State AGs Demand Amazon Tell Them How Many Warehouse Workers Have Died From COVID-19
A group of state attorneys general demanded in a written letter that Amazon disclose how many warehouse workers and Whole Foods employees have been infected with or died from the coronavirus, increasing scrutiny from regulators for its response to the coronavirus.
The state attorneys general asked Amazon to provide them with a state-by-state breakdown of how many warehouse and Whole Foods workers have been infected with and or died from the coronavirus.
According to unofficial tallies from media reports, four Amazon warehouse workers and two Whole Foods employees have died from the coronavirus—but Amazon has thus far not released exact numbers.
An Amazon executive has previously said that number isn’t “useful” because “it’s relative to the size of the building and then the overall community infection rate.”
The state attorneys general also chided Amazon for not adopting a more generous paid sick leave policy and asked the company to investigate recent claims the company retaliated against employees for raising concerns about the treatment of frontline workers.
Massachusetts, Connecticut, Delaware, Illinois, Maryland, Michigan, Minnesota, New Mexico, New York, Oregon, Pennsylvania, Washington and Washington D.C. signed onto the letter.
Amazon in a statement said safety is “top priority” and added that it has “implemented over 150 significant process changes—from enhanced cleaning and social distancing measures to new efforts like disinfectant spraying” to protect employees.
“We understand that both companies are seeing a significant increase in sales as well, as consumers rely even more on online shopping and buy more groceries as they stay at home,” the letter reads. “It is incumbent upon Amazon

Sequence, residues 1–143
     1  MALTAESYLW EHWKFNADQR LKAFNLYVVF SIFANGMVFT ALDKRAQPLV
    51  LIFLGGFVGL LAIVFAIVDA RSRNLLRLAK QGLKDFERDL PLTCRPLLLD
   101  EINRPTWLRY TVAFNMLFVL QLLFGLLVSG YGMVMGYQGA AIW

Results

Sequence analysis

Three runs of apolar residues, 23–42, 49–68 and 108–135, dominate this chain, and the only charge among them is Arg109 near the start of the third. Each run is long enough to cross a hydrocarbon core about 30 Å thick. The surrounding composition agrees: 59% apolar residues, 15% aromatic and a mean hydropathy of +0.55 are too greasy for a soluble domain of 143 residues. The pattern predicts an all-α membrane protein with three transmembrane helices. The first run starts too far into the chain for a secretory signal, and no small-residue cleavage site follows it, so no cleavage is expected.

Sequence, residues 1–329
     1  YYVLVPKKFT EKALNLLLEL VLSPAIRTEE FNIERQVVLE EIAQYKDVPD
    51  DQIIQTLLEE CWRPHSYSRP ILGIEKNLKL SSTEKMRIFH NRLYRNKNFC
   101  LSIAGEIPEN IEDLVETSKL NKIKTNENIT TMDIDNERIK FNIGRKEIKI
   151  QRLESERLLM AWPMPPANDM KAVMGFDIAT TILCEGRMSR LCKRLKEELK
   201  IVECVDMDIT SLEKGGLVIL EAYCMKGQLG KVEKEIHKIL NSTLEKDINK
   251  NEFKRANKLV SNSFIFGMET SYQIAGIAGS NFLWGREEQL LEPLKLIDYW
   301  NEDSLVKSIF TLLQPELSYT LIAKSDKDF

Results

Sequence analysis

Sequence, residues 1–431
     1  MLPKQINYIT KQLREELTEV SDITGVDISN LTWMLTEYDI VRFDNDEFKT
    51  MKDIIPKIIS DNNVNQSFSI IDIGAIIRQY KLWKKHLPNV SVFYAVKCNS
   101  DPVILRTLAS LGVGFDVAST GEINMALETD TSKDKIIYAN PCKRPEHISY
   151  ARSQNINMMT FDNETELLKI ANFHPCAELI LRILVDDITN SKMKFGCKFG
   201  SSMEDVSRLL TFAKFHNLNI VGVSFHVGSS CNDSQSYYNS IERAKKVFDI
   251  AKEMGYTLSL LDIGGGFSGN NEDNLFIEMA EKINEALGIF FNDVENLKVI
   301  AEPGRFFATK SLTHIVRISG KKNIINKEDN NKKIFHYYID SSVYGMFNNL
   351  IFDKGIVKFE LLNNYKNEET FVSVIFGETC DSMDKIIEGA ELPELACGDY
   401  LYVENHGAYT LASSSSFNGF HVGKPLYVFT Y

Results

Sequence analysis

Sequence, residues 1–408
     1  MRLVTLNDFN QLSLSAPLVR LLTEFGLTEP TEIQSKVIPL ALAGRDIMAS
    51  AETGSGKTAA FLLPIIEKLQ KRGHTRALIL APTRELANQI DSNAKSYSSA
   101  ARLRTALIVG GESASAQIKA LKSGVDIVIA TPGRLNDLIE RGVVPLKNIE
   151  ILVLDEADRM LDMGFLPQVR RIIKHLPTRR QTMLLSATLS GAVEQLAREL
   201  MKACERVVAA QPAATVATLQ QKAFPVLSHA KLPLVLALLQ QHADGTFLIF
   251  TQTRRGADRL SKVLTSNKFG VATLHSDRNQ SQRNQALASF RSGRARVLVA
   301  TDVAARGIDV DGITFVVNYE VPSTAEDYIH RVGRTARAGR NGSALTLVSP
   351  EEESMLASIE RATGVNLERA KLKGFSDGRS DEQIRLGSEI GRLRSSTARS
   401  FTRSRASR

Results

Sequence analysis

Amazon has become a target for labor groups and Democratic lawmakers who say the company isn’t doing enough to protect its employees from the coronavirus. Warehouse workers have complained about lax enforcement of social distancing guidelines, not enough paid sick leave and have called on facilities with known infections to be shut down and cleaned. Amazon has said it is providing masks and temperature checks to employees as well as staggered shifts. Small groups of warehouse workers have organized strikes in recent weeks to draw attention to the issue.
At least four Amazon employees, including two tech workers, were fired after raising concerns about safety conditions for frontline employees. Amazon has denied they were retaliated against, but the issue drew the ire of Senators Elizabeth Warren, Bernie Sanders and Kamala Harris, all of whom also asked Amazon in a letter last week to explain its policies for discipline and firing workers who raise health and safety concerns.
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